I’d recently put in a bid for Premium Economy on our Air New Zealand flight, and unfortunately, it feels in retrospect we were successful! It wasn’t free of course, but less than it would’ve been if we’d booked in advance. Premium economy was packed – no physical distancing was implemented there. Economy Class, however, was similar to our flight to Hong Kong, with passengers having three seats each. We should’ve asked for a down-grade! However our seats were wide and comfortable, able to be reclined with a footrest, and the service and food was excellent.
Arriving in Auckland at just after 8 am this morning, Saturday 22nd August, a government official boarded the plane to inform us where we’d be heading to for managed isolation.
We’d had a bit of forewarning whilst waiting at Hong Kong airport, in the form of an email from Air New Zealand, and an update in the App:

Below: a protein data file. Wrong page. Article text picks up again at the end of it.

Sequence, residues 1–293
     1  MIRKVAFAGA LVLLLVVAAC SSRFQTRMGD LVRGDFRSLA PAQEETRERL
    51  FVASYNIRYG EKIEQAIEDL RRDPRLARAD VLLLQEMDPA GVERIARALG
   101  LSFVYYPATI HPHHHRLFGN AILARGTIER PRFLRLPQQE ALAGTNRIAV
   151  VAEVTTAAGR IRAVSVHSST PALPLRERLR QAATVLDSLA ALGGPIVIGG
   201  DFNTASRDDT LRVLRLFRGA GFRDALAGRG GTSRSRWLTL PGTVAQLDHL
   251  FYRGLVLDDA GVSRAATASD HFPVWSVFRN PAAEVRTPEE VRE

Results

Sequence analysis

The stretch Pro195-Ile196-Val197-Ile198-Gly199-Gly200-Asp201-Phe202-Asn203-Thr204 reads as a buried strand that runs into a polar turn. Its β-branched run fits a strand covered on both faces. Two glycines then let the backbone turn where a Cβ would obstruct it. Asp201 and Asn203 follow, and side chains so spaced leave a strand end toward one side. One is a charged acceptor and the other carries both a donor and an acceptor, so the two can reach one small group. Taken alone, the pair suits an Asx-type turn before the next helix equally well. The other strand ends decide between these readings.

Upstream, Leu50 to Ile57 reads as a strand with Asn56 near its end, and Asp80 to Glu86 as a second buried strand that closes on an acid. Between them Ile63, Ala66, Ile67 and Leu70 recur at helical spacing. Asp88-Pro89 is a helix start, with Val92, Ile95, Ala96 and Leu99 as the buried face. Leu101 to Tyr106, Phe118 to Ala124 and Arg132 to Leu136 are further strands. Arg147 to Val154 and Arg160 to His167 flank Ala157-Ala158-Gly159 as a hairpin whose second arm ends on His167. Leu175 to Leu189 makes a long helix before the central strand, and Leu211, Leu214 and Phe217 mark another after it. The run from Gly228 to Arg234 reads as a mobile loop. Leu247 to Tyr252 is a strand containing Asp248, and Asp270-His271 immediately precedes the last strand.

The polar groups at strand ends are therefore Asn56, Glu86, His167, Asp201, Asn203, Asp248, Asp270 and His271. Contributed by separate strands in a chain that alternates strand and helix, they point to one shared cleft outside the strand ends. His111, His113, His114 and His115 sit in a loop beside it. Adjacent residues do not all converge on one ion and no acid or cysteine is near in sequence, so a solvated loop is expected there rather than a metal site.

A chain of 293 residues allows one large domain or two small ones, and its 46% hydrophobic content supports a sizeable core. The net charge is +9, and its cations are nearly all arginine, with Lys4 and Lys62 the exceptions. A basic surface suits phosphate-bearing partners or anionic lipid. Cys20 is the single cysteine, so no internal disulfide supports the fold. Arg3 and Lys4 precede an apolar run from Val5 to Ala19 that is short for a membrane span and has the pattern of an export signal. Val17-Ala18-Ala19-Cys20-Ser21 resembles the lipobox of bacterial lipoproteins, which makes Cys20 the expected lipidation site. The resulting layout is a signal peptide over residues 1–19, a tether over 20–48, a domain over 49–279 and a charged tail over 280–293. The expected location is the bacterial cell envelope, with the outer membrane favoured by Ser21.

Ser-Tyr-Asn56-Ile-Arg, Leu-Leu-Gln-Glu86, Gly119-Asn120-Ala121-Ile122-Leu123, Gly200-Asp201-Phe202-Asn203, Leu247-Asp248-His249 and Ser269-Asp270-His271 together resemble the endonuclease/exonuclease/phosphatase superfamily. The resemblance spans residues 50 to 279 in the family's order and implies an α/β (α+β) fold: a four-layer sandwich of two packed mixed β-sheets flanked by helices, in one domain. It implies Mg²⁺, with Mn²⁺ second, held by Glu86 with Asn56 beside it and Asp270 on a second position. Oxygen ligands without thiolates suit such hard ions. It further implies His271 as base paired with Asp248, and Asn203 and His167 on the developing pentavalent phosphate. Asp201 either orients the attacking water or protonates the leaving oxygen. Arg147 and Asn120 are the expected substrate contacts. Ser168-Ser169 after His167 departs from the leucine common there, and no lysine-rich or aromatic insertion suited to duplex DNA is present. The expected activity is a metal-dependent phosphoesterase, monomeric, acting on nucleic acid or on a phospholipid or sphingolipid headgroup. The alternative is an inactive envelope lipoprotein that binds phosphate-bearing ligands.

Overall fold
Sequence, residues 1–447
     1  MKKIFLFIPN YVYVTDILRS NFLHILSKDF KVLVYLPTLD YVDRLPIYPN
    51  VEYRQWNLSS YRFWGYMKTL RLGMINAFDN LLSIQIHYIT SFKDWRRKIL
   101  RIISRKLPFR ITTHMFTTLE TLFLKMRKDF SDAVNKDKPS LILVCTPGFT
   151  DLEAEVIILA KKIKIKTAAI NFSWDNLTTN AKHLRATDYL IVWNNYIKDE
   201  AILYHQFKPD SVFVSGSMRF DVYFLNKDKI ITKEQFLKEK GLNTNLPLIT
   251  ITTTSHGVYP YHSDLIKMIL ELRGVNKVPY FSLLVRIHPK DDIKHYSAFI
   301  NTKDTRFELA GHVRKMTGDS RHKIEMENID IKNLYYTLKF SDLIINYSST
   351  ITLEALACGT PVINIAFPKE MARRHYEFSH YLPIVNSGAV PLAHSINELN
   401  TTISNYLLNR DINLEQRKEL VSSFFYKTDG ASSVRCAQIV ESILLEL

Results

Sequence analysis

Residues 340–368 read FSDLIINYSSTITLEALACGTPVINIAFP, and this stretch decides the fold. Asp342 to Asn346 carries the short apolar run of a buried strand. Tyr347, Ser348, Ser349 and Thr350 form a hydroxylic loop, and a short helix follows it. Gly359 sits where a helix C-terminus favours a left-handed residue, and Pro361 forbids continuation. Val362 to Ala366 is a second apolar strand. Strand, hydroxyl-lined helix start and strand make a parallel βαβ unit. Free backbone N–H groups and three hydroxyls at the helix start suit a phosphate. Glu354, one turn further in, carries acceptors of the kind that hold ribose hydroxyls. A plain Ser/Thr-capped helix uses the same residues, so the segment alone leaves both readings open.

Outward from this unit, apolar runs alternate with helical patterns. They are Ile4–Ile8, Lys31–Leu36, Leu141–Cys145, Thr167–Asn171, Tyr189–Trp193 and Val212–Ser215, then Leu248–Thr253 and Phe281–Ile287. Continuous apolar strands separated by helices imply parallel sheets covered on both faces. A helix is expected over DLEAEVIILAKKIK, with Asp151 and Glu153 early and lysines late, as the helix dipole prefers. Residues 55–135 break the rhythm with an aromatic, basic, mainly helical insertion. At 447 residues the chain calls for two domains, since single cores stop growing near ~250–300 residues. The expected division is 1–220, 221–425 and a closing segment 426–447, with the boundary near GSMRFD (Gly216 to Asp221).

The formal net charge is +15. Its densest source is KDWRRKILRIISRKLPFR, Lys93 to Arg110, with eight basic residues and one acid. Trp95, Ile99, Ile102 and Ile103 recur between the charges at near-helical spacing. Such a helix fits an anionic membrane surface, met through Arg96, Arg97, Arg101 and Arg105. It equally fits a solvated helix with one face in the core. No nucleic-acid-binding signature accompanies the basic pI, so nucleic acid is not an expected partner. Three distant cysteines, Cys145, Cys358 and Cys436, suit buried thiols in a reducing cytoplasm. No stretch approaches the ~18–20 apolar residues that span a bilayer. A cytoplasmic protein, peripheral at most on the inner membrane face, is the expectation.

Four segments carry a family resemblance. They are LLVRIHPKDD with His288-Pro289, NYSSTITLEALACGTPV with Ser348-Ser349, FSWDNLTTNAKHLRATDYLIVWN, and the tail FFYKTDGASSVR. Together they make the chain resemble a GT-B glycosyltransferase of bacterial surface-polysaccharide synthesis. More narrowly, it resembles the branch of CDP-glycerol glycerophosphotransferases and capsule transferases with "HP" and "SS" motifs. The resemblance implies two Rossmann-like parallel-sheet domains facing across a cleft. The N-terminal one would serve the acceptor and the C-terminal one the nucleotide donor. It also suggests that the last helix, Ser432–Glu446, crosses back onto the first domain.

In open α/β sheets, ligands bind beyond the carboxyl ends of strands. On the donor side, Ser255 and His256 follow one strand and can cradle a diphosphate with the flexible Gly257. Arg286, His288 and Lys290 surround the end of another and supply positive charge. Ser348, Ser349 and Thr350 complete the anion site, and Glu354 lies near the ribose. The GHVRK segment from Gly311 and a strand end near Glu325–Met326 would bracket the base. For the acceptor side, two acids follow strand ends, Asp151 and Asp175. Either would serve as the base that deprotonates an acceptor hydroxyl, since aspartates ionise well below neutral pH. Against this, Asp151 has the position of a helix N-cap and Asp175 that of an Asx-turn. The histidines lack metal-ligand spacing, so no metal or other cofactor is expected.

Consequently, we’d been a little more anxious about our ‘mystery’ managed isolation – or quarantine – possibilities. Barry joked that we may end up in the army base at Waiouru, which apparently isn’t somewhere we’d want to be stuck in a room for two weeks – especially at this time of year!
About As Far Away As We Can Get
We’d read many stories about returning kiwis being put on a bus without knowing where they were being taken. With the new cases of COVID-19 in New Zealand currently, the rules are being tightened. Auckland are now at Level Three again, and will be for at least another week or two. For us we didn’t have to wait until we got on a bus before being told where we were going – the government official announced it before we left the place.